With a final decision due on a controversial Angel Stadium lease, opponents say the plan relies on bad data that could be tainted by intertwined corporate relationships.
Here’s the deal. The city of Anaheim — not the Angels — contracted with Conventions, Sports & Leisure International to research the market impact of the Angels and Angel Stadium, as the city council debates a proposal by owner Arte Moreno to pay $1 for development rights on the area surrounding the ballpark in exchange for the team footing the bill for $130-$150 million in renovations and repairs. (Most of this will be spent on very unglamorous stuff, like plumbing, that won’t generate new revenues for the team.) Whether or not this is a good deal for the city remains to be seen, so the city is relying on experts to measure the financial impact of the team and the worth of the land.
CSL International, which started in Minnesota and still has an office there, is now a wholly owned subsidiary of Legends Hospitality, the Texas-based joint venture of the New York Yankees and the Dallas Cowboys providing food and concessions to venues like Yankee Stadium, AT&T Stadium and now Angel Stadium, in a deal decided by the Angels ownership. Now, if you’ve been paying attention, the concessions field has become incredibly competitive and it would not be hard for the Angels to demand a great deal even if CSL International didn’t exist; besides Aramark, Centerplate and Delaware North, you have newer firms like Ovations, Levy Restaurants and Professional Sports Catering competing for contracts at MLB and spring-training venues. (In other words, there’s never been a better time to be bidding out a concessions contract, because the competition is absolutely cutthroat.) The deal with the Angels calls for Legends to supply concessions both to Angel Stadium and Tempe Diablo Stadium, the team’s spring home.
Now, the public release of the CSL International report (coming weeks after it was delivered to the city, by the way) came two days before the Angels/Legends hospitality deal was announced. Terrible timing. There are long gestation periods to both a concessions deal and a financial-impact report, of course, but that’s not stopping opponents of the Moreno Angel Stadium proposal to argue that there must have some been some of arrangement where CSL International overstated the financial impact for the team and was being rewarded with a favorable contract from Legends:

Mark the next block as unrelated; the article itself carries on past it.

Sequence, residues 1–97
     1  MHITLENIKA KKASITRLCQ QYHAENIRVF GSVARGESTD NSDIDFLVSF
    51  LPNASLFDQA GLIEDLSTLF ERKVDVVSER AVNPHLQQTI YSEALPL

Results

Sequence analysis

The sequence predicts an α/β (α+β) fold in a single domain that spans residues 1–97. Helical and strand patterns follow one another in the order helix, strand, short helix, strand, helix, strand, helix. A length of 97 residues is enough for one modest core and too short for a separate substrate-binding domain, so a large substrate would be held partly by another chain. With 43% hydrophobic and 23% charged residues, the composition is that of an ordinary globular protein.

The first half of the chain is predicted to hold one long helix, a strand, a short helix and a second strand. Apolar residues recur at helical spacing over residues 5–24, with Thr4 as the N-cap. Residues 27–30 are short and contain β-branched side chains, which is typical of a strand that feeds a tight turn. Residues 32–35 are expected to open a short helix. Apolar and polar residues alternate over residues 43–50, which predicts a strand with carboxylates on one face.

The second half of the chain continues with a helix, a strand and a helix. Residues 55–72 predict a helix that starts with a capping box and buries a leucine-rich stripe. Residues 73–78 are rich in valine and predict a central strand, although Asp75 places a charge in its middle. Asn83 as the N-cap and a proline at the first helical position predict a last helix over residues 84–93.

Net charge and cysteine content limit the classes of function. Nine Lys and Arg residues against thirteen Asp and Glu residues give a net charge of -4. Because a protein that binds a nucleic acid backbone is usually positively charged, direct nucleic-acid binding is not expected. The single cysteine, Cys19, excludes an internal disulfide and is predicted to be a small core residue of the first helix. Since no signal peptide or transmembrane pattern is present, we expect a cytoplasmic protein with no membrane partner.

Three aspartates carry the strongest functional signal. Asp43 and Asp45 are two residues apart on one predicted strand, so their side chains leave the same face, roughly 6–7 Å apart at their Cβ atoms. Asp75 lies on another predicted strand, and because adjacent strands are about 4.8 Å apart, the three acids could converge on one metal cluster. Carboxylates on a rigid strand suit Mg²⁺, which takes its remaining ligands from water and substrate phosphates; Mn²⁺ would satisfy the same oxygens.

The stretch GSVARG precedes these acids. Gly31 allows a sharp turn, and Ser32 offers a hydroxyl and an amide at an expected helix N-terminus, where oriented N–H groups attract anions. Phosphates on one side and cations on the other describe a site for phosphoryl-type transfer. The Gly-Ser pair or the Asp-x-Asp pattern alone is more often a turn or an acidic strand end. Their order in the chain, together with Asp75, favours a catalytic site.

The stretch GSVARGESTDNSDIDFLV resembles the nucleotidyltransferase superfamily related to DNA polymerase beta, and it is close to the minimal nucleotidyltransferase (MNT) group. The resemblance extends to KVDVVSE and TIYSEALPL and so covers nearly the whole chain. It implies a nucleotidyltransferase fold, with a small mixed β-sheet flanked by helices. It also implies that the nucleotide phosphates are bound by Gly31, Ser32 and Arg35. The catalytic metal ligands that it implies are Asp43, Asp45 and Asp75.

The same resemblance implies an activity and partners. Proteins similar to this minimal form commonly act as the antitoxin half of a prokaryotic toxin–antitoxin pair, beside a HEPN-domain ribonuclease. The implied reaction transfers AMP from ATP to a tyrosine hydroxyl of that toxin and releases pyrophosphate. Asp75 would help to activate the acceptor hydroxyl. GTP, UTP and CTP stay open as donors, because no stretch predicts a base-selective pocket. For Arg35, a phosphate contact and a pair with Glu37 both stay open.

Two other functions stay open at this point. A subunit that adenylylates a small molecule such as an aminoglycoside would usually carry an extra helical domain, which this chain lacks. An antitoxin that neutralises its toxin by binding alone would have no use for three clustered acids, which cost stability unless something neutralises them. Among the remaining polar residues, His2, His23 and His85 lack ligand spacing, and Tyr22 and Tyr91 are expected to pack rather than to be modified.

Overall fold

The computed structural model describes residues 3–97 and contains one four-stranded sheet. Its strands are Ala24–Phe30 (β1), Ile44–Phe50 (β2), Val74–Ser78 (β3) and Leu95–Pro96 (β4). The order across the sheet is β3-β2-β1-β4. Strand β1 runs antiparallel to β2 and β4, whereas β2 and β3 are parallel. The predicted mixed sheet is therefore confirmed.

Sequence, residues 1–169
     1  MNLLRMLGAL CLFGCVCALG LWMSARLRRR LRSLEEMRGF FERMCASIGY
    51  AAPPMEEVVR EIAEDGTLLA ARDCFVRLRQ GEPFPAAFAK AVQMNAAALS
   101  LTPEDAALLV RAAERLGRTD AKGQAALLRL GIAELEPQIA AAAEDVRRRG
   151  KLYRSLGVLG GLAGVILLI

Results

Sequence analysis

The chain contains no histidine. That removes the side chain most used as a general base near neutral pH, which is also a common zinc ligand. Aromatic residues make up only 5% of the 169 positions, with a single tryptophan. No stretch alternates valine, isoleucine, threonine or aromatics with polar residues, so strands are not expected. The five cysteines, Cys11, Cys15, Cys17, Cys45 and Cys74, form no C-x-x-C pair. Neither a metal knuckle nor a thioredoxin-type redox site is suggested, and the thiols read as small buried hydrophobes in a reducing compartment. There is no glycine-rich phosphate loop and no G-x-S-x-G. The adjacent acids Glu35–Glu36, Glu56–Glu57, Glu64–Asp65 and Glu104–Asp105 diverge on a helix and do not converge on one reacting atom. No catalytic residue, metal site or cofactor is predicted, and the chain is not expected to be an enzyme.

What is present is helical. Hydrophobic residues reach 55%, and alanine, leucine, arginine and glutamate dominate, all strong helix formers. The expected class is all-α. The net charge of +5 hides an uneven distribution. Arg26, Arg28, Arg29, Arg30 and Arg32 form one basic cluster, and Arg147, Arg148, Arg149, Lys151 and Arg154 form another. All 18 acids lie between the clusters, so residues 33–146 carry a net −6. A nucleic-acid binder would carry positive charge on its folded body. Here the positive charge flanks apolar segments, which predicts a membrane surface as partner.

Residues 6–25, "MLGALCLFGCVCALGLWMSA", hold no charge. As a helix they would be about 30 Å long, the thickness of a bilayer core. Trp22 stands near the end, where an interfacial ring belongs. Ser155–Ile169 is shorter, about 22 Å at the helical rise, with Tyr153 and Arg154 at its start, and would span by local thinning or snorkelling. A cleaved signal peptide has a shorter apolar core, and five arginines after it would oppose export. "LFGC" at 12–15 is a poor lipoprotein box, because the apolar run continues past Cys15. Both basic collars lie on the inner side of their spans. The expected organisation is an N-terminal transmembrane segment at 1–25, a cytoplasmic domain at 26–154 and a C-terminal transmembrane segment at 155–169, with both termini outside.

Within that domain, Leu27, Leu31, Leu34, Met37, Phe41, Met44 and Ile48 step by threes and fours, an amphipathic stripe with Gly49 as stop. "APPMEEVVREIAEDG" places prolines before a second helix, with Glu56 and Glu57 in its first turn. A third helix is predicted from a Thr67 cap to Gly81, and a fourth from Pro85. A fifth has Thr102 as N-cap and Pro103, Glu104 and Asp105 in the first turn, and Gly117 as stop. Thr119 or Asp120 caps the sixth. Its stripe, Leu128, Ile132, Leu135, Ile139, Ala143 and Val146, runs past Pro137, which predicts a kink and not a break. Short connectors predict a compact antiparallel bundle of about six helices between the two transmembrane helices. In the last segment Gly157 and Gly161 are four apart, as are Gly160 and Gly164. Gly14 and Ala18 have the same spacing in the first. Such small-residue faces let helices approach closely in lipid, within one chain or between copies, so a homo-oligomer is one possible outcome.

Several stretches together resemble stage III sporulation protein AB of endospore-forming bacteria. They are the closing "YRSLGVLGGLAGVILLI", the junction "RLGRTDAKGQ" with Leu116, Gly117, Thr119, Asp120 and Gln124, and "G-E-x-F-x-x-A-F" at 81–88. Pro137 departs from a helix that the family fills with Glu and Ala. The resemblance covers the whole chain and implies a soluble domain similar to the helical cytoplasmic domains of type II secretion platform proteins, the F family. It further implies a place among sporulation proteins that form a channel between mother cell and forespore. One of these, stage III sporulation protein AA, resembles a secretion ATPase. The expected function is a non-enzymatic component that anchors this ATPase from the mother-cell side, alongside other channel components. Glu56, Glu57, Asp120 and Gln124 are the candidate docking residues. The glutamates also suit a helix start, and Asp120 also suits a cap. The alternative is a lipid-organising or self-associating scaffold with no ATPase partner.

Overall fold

“The question obviously is, are they being rewarded for their report?” said Bob Stern, president the Los Angeles-based Center for Governmental Studies. “And why are they having a relationship with the Angels at the same time, right after they’re supposedly doing a nonpartisan or nonbiased report about the impact?”
Stern added, “the question would be to them: What were you thinking?”
But the fact there’s a common ownership doesn’t prove anything. CSL has been around for more than 20 years, consulting with plenty of college programs and pro outfits without any evidence of collusion with its corporate owner. (Here’s a list of ballparks where CSL International was brought in as a consultant.) For a firm like CSL, all it has to offer is its reputation. Now, you can argue with its financial conclusions (though, interestingly, a local college professor who studied the topic says CSL’s conclusions aren’t out of line, though definitely on the high side), and you can also argue there are intangibles to Anaheim keeping the Angels. You can argue that Arte Moreno is getting a sweet deal — too sweet a deal. And you can argue that development of the Angel Stadium parking lots should be open to bidding, with a study of the land’s worth released for public debate. But innuendo like that pedded here doesn’t really advance any of these arguments and detracts from the central issue: whether it’s a good use of public resources to let Moreno develop the area around Angel Stadium in exchange for funding ballpark repairs, as well as whether the city should be releasing all relevant information to the public. The first question really can’t be answered until the second is addressed — which is why a publicly funded appraisal of the Angel Stadium land should be released sooner than later.
RELATED STORIES: City-commissioned appraisal of of Angel Stadium to be released; No public money for new Angels ballpark: Tustin mayor; Moreno: Angels committed to Anaheim, but checking out alternatives; Angels lease negotiations hinge on value of land surrounding ballpark; Angels casually threaten move during lease negotiations
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